Due to this method of light emission, incandescent light bulbs are highly inefficient, with only ~10% of the energy used being turned into visible light, and the rest being converted to heat. The luminous efficacy of an incandescent bulb is around 16 lm/W, compared to an LED lamp which is up to 70lm/W.
LED Lighting is based on Light Emitting Diode (LED) technology, which results in lamps with significantly reduced energy consumption, but with lifespan and luminous efficacy several times better than that of both incandescent and CFL lamp types.
LEDs use what is known as a semiconductor to produce light when an electric current is applied to it. It produces light because the electric current causes electrons within the semiconductor to move around, which releases energy in the form of photons (light). The colour of the light released is dependent on the material used as the semiconductor.
Because most semicondutors produce coloured light, to produce 'white' light that we can use for domestic lighting, a mixture of colours or a phosphor coating (similar to CFLs) is used to create light that appears white.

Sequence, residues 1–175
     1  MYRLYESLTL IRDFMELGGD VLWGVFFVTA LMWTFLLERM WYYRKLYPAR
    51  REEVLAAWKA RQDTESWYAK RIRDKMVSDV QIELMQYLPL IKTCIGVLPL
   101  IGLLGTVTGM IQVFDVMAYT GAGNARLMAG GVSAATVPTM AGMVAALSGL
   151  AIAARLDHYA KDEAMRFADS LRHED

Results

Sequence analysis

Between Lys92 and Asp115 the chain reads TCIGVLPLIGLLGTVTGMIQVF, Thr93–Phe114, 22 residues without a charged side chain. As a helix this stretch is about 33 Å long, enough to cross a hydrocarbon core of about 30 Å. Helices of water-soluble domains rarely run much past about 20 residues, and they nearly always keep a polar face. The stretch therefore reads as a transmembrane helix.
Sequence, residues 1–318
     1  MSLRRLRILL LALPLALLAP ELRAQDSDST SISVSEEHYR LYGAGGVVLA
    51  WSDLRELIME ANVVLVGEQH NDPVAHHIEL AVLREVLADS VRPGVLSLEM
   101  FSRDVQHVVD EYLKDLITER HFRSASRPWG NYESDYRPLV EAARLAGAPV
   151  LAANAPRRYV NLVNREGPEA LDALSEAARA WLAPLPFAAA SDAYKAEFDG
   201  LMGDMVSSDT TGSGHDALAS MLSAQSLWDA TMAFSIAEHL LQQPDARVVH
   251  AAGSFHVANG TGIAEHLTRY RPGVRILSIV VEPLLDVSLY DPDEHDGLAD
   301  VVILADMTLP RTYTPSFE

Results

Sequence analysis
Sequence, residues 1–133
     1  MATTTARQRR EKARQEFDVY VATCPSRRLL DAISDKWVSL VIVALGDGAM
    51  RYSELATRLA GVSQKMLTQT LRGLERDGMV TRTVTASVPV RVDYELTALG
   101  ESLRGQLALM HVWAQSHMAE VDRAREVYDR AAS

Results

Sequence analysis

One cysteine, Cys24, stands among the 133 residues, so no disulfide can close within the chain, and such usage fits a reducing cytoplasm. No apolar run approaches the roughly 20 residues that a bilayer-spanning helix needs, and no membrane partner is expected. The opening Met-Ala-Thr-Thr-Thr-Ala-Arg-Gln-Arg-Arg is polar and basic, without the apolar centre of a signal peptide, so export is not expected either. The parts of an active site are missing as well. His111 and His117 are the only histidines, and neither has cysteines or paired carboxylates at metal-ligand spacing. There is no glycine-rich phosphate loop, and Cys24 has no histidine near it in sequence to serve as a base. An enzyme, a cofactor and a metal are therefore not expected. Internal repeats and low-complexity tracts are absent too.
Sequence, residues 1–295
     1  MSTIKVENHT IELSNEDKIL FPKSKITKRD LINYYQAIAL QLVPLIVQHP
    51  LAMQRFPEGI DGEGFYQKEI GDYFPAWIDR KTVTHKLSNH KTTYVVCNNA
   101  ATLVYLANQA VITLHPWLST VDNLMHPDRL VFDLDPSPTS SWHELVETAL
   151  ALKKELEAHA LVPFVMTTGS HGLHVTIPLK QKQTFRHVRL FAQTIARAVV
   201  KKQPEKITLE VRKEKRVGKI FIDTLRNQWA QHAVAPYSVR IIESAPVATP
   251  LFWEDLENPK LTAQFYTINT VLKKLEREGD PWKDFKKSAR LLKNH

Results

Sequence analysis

The main component of an LED is a 'chip' of semiconducting material, a semiconductor has the electrical conductivity between that of a conductor (e.g. copper wiring) and that of an insulator (e.g. rubber). This semiconductor is doped (intentionally introduced) with impurities, which modify the electrical properties of the semiconductor, in this case creating what is knows as a p-n junction. This p-n junction consists of a p-type (positively charged) side, and an n-type (negatively charged) side, with the negative side having a high concentration of free electrons, and the positive side having a high concentration of electron holes (the conceptual opposite to an electron, or the lack of an electron where one could exist).
When an electronic current is introduced, electrons and holes flow into the junction, and when an electron meets a hole it releases energy in the form of a photon. The wavelength of the light emitted is reliant on the band gap of the semiconductor used. The band gap is equivalent to the energy required to free an outer shell electron from its orbit about its current atom nucleus, to become a mobile charge carrier, and hence join with an electron hole.